Gilmore Recalled Frank McGee Shooting The Streetlights Of Irish Politics

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Gilmore chronicles Frank McGee, a throwback to the era of Socialist Mayor Jasper McLevy, shown here circa 1957.

OIB rewind: There’s something special about old-time political scribes from 35 years ago who remember the days kissing the keys of Underwood typewriters and editors screaming for copy under threat of cutting off your cashews. Editors those days were benevolent compared to political leaders who had the ultimate weapon if you dared cross them: they’d stop talking to you. As a scribe it’s preferable for a pol to blow out their lungs versus icing you. Prehistoric noises at least allowed for a quote. No comment is no comment is no comment. A noise? You could wrap a whole story around that. The late OIB correspondent John J. Gilmore spent one-third of his life in Bridgeport observing political players in the cause of enlightening readers, enduring prehistoric noises for the greater cause. Reproduced here is the final St. Patrick’s Day story he wrote for OIB.

Looking back through history, many immigrant groups came to America and became proficient in a particular trade or industry. For many Irishmen, the trade was politics. And Bridgeport, where many describe politics as a blood sport, has handed up some of the best players around.

Many years ago on a hot August night during a Bridgeport mayoral primary, people regularly came to the downtown headquarters to hang out.

Frank McGee, political appointee and professional ward healer, was often there. On this night, in his favorite fedora hat and working a good cigar he was feeling reflective.

Long before the era of exit polls and computerized voter profiling, Frank learned and practiced a style of politics now found only on yellowing pages between the covers of musty books. He was one of those guys who would walk into a tavern and tap the mahogany bar with two fingers and the bartender immediately understood that his signal was an order for a whiskey and a beer back. Just as the bartender understood Frank’s signal, Frank understood the signals of his voter bloc, who was upset, why and what was needed to appease them. He was a master of reading the pulse of a city. His career as a professional politician evolved because he understood his voters and the methods necessary to maintain control over them, often by means not openly discussed.

This night Frank recalled his youthful initiation into the profession and his role in a campaign generations earlier and long forgotten. It was a battle fought long before television and the Internet. It was a battle that taught Frank to care more about his deal than the New Deal.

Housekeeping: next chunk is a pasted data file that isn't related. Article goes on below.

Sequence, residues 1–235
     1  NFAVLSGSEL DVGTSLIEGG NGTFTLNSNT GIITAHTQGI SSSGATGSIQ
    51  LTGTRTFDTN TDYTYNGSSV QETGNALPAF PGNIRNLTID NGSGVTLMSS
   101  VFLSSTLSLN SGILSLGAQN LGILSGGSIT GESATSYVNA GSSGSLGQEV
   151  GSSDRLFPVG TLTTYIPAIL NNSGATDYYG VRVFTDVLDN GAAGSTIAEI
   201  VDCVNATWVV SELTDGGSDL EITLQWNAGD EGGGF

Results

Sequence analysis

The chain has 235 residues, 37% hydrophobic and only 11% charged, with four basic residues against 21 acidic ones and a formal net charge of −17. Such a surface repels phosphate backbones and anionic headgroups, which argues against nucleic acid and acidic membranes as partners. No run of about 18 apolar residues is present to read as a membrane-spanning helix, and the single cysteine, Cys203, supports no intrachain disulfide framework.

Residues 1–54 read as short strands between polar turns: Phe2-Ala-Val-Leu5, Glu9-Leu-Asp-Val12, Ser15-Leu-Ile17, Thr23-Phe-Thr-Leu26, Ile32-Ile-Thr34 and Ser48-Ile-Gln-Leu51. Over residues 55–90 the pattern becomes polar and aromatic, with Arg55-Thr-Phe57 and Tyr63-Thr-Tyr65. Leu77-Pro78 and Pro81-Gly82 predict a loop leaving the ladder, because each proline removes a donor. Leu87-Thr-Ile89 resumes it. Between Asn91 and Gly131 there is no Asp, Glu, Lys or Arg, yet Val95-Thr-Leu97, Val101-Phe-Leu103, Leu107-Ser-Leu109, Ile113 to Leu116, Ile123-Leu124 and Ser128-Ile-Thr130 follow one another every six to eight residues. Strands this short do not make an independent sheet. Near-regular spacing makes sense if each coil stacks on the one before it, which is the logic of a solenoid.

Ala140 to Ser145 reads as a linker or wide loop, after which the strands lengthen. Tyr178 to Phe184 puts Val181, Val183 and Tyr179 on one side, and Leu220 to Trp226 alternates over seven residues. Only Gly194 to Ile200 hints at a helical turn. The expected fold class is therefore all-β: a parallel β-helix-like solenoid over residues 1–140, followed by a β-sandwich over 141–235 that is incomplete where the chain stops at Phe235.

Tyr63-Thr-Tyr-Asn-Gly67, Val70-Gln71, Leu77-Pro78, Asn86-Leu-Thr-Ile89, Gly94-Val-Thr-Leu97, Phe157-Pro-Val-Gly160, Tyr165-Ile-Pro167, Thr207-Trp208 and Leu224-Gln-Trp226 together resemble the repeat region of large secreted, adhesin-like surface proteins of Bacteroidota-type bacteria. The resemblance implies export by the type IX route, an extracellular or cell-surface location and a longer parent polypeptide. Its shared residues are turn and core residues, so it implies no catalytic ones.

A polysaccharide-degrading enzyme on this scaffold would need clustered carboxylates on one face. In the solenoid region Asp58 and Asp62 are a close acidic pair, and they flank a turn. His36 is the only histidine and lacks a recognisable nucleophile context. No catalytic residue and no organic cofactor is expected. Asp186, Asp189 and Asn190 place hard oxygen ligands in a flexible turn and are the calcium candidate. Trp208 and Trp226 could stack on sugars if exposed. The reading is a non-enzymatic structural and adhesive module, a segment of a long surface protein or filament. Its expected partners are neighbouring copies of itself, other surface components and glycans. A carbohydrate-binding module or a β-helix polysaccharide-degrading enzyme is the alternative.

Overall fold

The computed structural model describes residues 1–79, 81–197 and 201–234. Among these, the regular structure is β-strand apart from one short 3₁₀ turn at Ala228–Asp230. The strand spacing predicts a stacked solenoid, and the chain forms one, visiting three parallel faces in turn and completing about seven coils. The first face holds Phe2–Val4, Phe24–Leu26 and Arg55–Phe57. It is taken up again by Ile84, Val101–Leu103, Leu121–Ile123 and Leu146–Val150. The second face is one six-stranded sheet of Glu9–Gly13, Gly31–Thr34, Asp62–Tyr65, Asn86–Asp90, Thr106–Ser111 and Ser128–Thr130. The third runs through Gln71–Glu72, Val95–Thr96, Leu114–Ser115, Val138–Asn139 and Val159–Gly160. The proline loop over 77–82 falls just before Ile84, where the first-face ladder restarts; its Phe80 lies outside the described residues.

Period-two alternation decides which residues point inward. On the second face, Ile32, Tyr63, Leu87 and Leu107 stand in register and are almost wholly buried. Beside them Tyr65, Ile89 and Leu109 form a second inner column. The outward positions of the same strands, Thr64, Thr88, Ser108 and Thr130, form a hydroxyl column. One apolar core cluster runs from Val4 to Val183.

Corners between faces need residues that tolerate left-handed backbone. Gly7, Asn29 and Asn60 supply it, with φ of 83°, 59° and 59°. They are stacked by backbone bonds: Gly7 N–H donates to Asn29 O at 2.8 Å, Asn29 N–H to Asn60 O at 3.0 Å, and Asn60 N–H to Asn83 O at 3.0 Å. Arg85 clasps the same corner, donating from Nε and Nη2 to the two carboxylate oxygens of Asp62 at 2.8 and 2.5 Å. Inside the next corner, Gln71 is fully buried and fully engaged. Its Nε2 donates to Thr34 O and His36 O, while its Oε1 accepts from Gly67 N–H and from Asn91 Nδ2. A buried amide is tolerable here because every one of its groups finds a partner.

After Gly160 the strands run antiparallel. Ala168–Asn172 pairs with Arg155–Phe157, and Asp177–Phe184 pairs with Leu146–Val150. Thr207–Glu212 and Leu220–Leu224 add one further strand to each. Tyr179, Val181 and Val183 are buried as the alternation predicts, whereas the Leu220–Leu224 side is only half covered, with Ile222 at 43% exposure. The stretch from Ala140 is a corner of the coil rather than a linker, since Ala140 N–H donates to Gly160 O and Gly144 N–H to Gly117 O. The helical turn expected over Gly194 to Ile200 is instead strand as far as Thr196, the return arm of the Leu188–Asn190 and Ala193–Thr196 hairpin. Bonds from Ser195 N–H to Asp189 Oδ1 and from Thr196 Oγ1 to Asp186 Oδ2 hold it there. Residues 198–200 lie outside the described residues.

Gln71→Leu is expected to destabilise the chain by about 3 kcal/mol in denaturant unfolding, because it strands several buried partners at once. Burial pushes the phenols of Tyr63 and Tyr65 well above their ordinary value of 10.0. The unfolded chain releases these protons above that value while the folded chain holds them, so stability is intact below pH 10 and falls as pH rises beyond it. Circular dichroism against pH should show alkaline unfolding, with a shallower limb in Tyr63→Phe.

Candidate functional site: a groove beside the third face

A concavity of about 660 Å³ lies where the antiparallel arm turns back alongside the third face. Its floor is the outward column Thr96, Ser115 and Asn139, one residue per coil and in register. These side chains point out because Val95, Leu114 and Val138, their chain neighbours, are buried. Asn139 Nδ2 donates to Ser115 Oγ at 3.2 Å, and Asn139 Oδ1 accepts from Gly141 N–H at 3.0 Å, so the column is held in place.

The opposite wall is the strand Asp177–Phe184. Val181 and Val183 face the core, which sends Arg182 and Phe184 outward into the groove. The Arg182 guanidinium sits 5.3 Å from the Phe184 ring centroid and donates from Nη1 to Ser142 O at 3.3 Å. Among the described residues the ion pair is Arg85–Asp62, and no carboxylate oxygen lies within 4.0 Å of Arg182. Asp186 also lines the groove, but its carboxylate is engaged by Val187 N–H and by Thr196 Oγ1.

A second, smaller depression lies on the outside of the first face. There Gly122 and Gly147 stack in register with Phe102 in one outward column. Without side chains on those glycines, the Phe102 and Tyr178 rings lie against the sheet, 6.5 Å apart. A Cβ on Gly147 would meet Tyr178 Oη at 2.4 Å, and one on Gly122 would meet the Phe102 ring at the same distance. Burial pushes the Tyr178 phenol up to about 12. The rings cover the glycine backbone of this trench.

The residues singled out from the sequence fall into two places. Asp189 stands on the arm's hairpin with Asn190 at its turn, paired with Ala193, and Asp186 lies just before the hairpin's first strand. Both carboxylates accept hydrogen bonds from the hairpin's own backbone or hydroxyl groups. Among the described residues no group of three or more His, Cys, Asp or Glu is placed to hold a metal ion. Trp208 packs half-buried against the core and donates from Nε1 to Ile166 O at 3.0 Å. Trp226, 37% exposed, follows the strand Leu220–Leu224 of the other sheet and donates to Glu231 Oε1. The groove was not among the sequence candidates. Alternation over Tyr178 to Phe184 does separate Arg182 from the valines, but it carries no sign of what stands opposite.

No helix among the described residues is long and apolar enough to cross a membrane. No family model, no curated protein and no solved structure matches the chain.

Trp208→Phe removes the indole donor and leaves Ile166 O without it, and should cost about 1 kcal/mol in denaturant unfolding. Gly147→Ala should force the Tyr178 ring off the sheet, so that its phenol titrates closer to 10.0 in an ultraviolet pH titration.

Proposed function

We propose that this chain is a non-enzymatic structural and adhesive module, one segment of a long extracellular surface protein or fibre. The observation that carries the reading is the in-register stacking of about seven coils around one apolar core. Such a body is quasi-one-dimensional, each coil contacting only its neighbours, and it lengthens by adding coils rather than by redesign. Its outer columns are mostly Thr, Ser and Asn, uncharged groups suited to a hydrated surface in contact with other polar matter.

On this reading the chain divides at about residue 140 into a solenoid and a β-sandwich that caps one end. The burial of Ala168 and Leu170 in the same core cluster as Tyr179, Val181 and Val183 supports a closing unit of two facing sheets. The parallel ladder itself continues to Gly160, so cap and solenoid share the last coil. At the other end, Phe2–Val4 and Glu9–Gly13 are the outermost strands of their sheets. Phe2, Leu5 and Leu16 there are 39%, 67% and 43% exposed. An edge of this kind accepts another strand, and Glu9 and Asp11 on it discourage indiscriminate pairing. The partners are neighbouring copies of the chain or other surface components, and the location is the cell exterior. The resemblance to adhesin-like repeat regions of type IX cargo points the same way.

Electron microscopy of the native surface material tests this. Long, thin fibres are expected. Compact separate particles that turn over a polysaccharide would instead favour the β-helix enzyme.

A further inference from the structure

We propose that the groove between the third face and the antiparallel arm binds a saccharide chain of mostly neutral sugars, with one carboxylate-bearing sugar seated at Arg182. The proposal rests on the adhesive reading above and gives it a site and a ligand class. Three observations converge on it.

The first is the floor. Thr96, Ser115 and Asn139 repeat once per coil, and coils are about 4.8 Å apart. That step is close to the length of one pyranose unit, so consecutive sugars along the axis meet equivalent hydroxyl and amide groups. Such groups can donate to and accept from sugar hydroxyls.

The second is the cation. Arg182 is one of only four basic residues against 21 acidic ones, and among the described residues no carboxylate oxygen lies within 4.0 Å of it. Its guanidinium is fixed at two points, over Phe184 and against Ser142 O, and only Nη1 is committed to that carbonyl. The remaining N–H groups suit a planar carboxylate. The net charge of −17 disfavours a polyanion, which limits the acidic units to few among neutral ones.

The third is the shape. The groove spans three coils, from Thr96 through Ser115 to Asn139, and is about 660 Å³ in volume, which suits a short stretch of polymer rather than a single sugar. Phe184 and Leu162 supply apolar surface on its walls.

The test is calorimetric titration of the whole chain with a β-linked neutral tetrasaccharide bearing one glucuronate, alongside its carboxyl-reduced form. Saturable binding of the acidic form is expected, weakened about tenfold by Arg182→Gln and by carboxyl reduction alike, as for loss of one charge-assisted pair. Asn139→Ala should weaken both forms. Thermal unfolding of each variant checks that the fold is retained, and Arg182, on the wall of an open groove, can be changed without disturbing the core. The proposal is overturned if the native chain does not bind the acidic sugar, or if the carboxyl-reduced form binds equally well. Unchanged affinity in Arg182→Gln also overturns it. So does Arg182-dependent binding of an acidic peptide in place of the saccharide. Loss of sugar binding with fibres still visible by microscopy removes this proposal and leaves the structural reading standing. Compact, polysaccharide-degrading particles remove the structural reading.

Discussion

Trying to catch a breath of cool air in the summer heat, Frank’s mind drifted back in time. With his grey hair slicked back with Vaseline and his hat pushed back over his forehead, Frank hitched his fingers into the pockets of his vest worn underneath a fraying sport coat. He blew a cloud of Topstone cigar smoke upwards and recalled with a smile the strategic role given to him in the battle for democracy called elective politics.

His lessons to younger ears of the present time were not those taught in traditional schools.

He regaled a few people gathered before him that night how political candidates in Bridgeport once traveled by flatbed trucks to popular street corners and gave speeches. Over and over, they gave the same speech in the belief that repetition somehow won a voter’s heart and mind, all underneath the city’s streetlights.

“We were kids, we never really understood what they were talking about,” Frank said of himself and his friends of the speech-making candidates. “We just did as we were told. As one candidate finished his speech and rolled onto the next street corner, another candidate would roll up and give his speech. All night long, candidates went from intersection to intersection to assembled crowds and gave speeches,” Frank recounted.

“But somewhere along the way, someone decided there had to be a way to increase the value of the street corner campaign stops,” Frank muttered. “We had to break this chain and slow down the opposition that followed us on our corner after we left.”

“That’s where I came in,” Frank said. “The ward boss gave me a pellet gun and told me to shoot out the streetlight as our candidate finished his speech. With our guy rolling away and no light above, the crowd dispersed and the poor guy waiting in the wings had to find his own way to drum up an audience. That’s tough to do in the dark!” he added.

And that was Irish politics in Frank’s city.


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